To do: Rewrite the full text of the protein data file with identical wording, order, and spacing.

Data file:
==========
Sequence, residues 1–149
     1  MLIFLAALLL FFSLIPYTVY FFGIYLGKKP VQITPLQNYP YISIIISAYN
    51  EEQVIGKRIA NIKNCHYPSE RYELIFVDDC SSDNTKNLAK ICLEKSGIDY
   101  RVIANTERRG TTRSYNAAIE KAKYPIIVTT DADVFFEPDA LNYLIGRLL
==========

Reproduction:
Sequence, residues 1–149
     1  MLIFLAALLL FFSLIPYTVY FFGIYLGKKP VQITPLQNYP YISIIISAYN
    51  EEQVIGKRIA NIKNCHYPSE RYELIFVDDC SSDNTKNLAK ICLEKSGIDY
   101  RVIANTERRG TTRSYNAAIE KAKYPIIVTT DADVFFEPDA LNYLIGRLL